I’ve always thought theres a great sitcom waiting to happen with Mahmoud Ahmadinejad being exiled from Iran and having to live in disguise in a small Brooklyn flat with an openly gay Jewish woman. It’d be like the odd couple.

      But with race hate*.

      *I know Judaism isn’t genetic but it’s amazing how many anti-semites seem to think it is.

    • Premium User Badge

      phuzz says:

      edit -reply fail

    • HexagonalBolts says:

      Sorry CMaster, a typo, I’ve changed it now.

    • Wreckdum says:

      Did anyone ever stop to question whether or not this guy could have worked for the CIA? He was in the Marine Corps… I know everyone looks at Iran like the new Hitler but the United States isn’t the most honest organization in the world either. They use people like toilet paper.

    • piratmonkey says:

      Uh, no one thinks “everyone in Iran is the new Hitler.” And again, just because the U.S. does things that are despicable does not make this any less so.
      Also: the Marine Corps and CIA are worlds apart.

    • Navagon says:

      Yeah, the CIA exists to create enemies for America to fight and the Marine Corps exists to fight them. Worlds apart.

    • piratmonkey says:

      Nice simplification, I’m entirely glad that the CIA and Marine Corps have never contributed to positive things in any way. Whew.

    • lurkalisk says:

      Humans like to generalize. It’s not just westerners generalizing Iranians, most people generalize just about anything thing they don’t like and/or don’t have enough knowledge about.

    • rayne117 says:

      “Humans like to generalize.”

      Nice generalization. >_>

    • Deuteronomy says:

      Not every RPS reader is a self loathing liberal who views western civilisation as something inherently evil.

    • Alder says:

      “Not every RPS reader is a self loathing liberal who views western civilisation as something inherently evil.”

      I would like to write here something like “All right-wing conservators thumbs up!”

  2. Sheng-ji says:

    My support and thoughts go out to him and his family. No matter what the truth is, the situation is terrible and I only hope they have a happy ending.

    • FunkyBadger3 says:

      Surely it matters quite a lot what the truth is, but yeah, getting the gist…

    • DrGonzo says:

      I don’t think it does matter. Even if the claims did turn out to be true, he shouldn’t be executed!

    • Ruffian says:

      Fuck War and the War-Mongering asshats, who make this shit possible. In this day and age I really do not understand how people can look at other people and not see just people, regardless of borders, and religion and all that other imaginary crap. I really really hope that aliens (the outer space kind) attack very soon, so that we might stop all this in-fighting, and finally realize that we all want the same damn things out of life.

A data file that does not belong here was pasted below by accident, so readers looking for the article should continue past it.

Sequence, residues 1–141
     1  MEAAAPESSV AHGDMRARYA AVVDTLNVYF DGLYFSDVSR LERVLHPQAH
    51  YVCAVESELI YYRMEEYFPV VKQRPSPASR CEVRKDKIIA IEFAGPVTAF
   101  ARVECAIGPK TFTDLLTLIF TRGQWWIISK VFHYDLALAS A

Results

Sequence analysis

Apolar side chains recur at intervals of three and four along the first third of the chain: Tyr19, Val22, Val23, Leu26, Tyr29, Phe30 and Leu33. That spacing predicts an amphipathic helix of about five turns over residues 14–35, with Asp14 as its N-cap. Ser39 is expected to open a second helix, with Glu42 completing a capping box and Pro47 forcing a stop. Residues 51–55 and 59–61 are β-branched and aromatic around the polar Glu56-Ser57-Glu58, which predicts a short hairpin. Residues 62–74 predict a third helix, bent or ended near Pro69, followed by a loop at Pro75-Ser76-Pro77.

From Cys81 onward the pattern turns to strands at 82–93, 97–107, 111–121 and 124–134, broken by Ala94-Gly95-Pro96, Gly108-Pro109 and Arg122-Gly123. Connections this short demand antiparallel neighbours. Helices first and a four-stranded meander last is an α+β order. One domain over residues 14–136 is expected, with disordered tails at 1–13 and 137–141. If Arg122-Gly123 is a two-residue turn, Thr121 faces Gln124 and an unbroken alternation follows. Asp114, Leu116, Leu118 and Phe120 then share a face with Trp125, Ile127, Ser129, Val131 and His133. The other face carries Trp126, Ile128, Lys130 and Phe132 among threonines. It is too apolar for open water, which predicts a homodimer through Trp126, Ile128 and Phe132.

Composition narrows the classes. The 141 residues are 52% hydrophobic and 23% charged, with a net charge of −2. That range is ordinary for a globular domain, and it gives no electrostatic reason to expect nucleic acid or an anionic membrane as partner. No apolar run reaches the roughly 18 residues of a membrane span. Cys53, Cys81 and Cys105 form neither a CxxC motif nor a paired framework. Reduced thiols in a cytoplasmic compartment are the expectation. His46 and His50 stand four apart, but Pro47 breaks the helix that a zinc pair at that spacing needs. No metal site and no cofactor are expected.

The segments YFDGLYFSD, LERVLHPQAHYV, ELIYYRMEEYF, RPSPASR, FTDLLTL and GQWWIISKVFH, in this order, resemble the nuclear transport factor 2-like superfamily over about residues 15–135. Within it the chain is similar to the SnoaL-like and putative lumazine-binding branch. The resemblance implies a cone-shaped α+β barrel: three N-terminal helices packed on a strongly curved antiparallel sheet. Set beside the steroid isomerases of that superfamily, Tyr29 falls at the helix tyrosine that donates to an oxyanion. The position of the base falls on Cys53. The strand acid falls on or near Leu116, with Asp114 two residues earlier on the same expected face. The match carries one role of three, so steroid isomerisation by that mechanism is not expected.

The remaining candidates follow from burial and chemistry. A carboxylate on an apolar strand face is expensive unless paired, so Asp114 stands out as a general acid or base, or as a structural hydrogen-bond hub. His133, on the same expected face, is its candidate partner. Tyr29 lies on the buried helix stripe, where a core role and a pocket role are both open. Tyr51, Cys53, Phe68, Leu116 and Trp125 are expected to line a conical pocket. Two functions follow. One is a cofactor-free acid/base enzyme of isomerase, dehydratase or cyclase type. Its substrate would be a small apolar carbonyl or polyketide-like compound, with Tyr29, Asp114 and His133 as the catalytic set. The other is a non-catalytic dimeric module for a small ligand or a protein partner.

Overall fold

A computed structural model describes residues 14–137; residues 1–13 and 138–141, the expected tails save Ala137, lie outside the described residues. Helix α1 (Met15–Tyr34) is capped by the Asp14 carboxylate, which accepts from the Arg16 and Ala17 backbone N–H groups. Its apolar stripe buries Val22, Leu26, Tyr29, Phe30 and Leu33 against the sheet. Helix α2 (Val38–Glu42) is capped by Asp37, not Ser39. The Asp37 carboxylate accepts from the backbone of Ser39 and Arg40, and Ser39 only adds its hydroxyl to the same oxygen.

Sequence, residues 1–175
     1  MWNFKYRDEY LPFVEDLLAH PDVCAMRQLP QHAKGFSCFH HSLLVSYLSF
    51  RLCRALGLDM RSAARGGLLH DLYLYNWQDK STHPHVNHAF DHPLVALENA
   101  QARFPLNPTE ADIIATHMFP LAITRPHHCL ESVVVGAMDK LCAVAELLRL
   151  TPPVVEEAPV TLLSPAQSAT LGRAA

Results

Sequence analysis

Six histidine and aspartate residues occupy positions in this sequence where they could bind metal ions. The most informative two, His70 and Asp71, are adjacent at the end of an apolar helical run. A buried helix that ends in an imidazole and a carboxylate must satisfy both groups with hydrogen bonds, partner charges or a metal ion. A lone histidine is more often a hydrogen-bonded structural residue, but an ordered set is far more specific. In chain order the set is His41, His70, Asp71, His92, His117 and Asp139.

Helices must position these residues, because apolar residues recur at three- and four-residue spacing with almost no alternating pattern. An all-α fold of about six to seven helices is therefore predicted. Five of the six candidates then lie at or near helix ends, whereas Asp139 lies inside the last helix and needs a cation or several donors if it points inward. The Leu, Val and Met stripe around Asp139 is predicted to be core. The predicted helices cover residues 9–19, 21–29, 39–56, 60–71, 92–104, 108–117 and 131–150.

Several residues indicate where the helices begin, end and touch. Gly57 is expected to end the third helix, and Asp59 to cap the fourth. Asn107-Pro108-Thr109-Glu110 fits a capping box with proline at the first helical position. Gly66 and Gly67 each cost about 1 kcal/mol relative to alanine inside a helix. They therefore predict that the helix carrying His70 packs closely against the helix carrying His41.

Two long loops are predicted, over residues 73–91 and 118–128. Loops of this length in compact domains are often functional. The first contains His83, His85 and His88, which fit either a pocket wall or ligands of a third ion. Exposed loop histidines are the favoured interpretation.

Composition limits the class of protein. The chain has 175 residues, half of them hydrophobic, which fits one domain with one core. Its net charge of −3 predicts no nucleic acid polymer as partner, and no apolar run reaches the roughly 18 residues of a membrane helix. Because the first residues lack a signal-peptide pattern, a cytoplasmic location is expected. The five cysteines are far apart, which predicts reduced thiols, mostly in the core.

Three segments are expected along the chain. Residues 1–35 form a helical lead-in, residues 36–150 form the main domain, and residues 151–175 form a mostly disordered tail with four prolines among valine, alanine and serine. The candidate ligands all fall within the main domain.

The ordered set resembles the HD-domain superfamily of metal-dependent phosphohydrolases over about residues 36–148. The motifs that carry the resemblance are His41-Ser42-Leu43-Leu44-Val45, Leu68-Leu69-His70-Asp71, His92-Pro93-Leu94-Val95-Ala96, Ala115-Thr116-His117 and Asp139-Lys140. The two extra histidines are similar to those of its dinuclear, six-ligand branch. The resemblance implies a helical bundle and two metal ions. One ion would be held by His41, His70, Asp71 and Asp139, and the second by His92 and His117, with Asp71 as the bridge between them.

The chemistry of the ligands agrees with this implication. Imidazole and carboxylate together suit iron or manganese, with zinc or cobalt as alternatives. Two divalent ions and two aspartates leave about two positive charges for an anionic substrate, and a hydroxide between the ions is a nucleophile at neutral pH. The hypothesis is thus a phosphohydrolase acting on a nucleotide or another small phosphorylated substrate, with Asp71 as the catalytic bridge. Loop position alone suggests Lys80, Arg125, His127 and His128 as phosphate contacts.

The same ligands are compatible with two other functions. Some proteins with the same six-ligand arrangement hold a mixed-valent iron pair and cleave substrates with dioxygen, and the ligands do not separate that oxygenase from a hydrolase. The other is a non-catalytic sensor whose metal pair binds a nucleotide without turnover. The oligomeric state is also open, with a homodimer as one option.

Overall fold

• MadTinkerer says:

      You know, dude, this is a problem. Lumping things like “borders and religion” together as if all of them were all the same, much less all “imaginary” just shows how much you fail at understanding the issues here. I suppose money and politics are “imaginary” as well. As is “language” and “property” anything not pre-defined by actual science and the physical world.

      Just because some things are defined by people, that doesn’t mean the fact that a lot of people do consider them to be important is irrelevant. Throwing out all the things that literally billions of others consider important as “imaginary” just leads to pseudo-intellectual wanking and everyone ignoring you (or buying your books, but you have to be really witty and really British and throw in sci fi and/or fantasy elements for that to work). So try a bit harder to actually think about real life issues and you may eventually succeed at forming an opinion that doesn’t make an instant strawman of your opponents and force others to ignore you.

    • zbeeblebrox says:

      er…MadTinkerer, technically money, politics, language, and the concept of property ARE all imaginary.

  3. Phantoon says:

    My god he’s trying to corrupt that baby, too!

    But seriously, that’s terrible. If Iran wants to be a world player, maybe they should stop being so frickin’ crazy.

    • Orija says:

      Being crazy didn’t stop China and the US from becoming world players

    • Ruffian says:

      Too true.

    • Captchist says:

      I’m not in the slightest bit defending what the Iranian Government has done here, it’s despicable. But it does come across as somewhat playing with fire on his part to make simulations of the invasion of Iran when the invasion of Iran is a contentious issue, and then to go to Iran on holiday from the US.
      What I interested to know is the tone of these games. Are they revolutionary/political, or are they purely “for fun”?

  4. ShEsHy says:

    “The Iranian regime has a history of falsely accusing people of being spies, of eliciting forced confessions, and of holding innocent Americans for political reasons.”
    I lold at this. Swap out a couple of word and you get:
    “The American regime has a history of falsely accusing people of being terrorists, of eliciting forced confessions, and of holding innocent Muslims for political reasons.”

    On a side note, hope they free him, no matter whether he did it or not (if making pro-anyone material is an execution worth crime, than every Hollywood writer, producer and director should be executed aswell, along with 99% of gaming story writers,…).

    • Lewis Denby says:

      That kinda seems to be by the by given the circumstances, though, doesn’t it?

    • GenBanks says:

      Point being?

    • rocketman71 says:

      Both are completely true.

    • Berzee says:

      Swap a few more words and you get: